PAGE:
Europe's natural gas

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LISA MULLINS: I'm Lisa Mullins, and this is The World, a co-production of the BBC World Service, PRI, and WGBH in Boston. Many Europeans woke up to quite a chill today. A cold front has pulled temperatures well below freezing across much of the continent, but that's not the only problem. Russia supplies about a quarter of the natural gas used in Europe, and most of that gas flows through pipelines in Ukraine. Well, today the flow through Ukraine stopped altogether. Russia and Ukraine are in the midst of a price war over natural gas, and now they're accusing each other of turning off the tap. Europe doesn't much care who is to blame; it just wants the gas turned back on, as The World's Gerry Hadden reports.

GERRY HADDEN: A typical January cold snap has Europeans bundled up on the streets, but in some places, people might soon have to keep their coats on inside. Bulgaria is one example. Today, officials there said they'd likely have to close schools in the coming days to save on gas consumption. Many businesses are already shut. Galina Tschoeva is Bulgaria's Deputy Energy Minister.

GALINA TSCHOEVA: We have lost 100 percent of the gas supply coming through the route from Ukraine. We have gas storage, but the quantities cover not more than 30, 35 percent of the daily demand in the country. We hope that we will not reach the point of using everything and not having any further supplies.

HADDEN: At least 10 other European countries that import Russian gas through Ukraine say such supplies have been completely cut. Most of those countries are in the east, close to Ukraine. But Germany and Italy have seen dramatic drops in Russian gas imports since this morning. Alexander Medvedev is Chairman of Russia's state-run gas company, Gazprom. He says the only reason Russian gas isn't reaching Europe is because Ukraine has shut down the transit pipes.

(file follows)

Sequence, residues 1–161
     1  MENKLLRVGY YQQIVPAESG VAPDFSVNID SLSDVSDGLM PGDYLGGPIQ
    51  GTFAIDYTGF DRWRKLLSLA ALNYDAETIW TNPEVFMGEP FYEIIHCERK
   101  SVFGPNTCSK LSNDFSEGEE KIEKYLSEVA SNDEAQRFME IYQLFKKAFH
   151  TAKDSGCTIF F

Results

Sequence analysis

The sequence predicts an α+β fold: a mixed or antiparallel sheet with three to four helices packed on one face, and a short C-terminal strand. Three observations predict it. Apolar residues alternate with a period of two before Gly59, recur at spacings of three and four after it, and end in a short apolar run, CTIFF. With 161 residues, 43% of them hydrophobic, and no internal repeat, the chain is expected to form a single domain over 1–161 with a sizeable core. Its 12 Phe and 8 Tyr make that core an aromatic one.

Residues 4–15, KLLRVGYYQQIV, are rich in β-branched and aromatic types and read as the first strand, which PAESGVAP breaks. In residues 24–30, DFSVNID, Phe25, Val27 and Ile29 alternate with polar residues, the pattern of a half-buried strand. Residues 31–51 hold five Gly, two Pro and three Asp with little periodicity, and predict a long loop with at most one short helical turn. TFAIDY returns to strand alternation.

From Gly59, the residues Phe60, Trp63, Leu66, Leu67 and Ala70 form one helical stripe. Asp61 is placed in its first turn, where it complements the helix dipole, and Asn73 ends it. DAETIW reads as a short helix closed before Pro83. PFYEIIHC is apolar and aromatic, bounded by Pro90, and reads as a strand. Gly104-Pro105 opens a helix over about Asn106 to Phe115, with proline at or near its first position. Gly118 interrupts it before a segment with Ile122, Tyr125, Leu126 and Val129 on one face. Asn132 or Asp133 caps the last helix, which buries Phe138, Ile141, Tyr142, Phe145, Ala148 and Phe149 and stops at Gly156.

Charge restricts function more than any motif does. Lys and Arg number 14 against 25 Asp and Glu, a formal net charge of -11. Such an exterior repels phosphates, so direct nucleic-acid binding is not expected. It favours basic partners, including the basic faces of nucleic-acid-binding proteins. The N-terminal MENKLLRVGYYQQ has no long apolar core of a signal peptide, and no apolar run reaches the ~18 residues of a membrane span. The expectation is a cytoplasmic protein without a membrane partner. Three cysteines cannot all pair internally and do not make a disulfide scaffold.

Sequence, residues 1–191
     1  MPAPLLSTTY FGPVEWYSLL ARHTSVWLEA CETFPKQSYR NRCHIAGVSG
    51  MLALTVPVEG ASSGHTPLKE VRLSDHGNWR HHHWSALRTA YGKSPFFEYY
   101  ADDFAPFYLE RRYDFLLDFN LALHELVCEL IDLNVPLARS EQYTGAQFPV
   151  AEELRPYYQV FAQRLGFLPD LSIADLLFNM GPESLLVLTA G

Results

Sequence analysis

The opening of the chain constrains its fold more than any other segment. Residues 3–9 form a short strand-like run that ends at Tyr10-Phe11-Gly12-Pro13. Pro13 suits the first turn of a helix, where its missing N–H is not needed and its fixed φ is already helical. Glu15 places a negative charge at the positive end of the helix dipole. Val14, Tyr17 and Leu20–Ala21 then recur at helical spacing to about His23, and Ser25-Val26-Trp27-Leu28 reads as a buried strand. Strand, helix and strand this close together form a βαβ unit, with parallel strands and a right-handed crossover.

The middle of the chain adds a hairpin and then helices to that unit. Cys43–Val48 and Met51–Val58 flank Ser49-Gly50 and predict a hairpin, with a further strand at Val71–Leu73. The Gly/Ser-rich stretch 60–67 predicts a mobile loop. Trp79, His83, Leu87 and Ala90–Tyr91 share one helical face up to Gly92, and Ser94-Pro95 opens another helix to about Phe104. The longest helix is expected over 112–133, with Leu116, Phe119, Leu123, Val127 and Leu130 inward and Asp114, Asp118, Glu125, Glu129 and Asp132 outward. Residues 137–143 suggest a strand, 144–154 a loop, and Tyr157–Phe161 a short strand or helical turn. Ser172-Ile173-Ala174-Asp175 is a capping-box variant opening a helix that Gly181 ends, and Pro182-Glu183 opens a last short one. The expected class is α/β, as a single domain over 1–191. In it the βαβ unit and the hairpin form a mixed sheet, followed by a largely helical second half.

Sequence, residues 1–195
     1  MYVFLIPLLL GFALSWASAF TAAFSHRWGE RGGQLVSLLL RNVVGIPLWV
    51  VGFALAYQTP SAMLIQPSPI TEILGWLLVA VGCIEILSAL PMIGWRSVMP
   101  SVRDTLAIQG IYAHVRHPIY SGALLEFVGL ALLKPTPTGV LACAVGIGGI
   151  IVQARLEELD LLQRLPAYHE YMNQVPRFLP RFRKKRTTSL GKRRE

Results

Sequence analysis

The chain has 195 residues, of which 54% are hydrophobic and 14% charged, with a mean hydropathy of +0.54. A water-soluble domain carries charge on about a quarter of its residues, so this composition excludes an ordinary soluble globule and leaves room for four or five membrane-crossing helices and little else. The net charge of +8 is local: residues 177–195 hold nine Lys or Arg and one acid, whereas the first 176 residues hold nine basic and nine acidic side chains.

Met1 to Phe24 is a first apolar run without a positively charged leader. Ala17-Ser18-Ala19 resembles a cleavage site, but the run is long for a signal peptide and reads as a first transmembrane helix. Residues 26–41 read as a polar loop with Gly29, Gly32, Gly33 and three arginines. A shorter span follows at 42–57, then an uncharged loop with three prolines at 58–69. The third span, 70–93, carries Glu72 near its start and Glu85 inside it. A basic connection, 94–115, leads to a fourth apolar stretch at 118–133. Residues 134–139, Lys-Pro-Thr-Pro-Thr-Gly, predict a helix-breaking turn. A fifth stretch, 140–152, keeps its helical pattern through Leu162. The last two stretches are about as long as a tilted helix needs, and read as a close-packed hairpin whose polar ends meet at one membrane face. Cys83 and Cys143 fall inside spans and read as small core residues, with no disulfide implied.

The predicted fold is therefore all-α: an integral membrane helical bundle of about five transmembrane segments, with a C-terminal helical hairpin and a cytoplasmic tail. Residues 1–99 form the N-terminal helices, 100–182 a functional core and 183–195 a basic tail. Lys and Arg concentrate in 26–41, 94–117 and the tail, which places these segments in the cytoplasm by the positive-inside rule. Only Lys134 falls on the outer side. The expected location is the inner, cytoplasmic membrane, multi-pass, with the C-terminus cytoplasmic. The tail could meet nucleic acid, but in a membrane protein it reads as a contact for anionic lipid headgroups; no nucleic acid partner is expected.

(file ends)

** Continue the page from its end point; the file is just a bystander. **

ALEXANDER MEDVEDEV: From today's morning, we don't have any physical, stress physical possibility to bring any gas to European customers due to complete shutdown of the export pipelines going through Ukrainian territory.

HADDEN: Mededev says Ukraine shut off the flow to Europe to keep the gas for itself. Ukraine officials deny that, and the European Union remains skeptical about the Russian claims. Javier Solana is the EU's Foreign Affairs Chief. When Russia cut off gas to Ukraine in 2006 in a similar pricing dispute, Solana warned Russia not to play politics with fuel, especially in winter. He did so again today. He said, ?Oil and gas must not be used as a political weapon. We have to find professional, businesslike solutions which don't suffer the ups and downs of politics.? Analysts say it's difficult to know who is to blame for the latest gas cut off, because there are no independent monitors in Ukraine or Russia. But energy analyst Pierre Noel, with the European Council on Foreign Relations, says one thing is clear: Europe as a whole did not react fast enough following the gas crisis of 2006. He says Western countries diversified their gas sources a bit and they increased gas storage for just such emergencies. But travel east, he says, and the story changes.

PIERRE NOEL: Countries in Central and Eastern Europe have drastically under-invested in gas security measures. They have very little storage capacity that would allow them to cope with these kind of supply disruptions. And you know they tend to turn to the EU, to big EU countries and say, ?You must be in solidarity with us.?

HADDEN: To which, he says, big countries like Germany or France reply, ?Fine, but Eastern Europe should invest some of its own money to fix the problem.? Despite divisions, Europe hopes it can break the Ukraine-Russia deadlock in talks tomorrow in Moscow. Russia they say risks losing clients in the long run by interrupting energy supplies. But Russia doesn't have much maneuvering room; its fuel exports account for more than half of its GDP. As gas and oil prices have plummeted, Russia itself is feeling the pinch. For The World, I'm Gerry Hadden.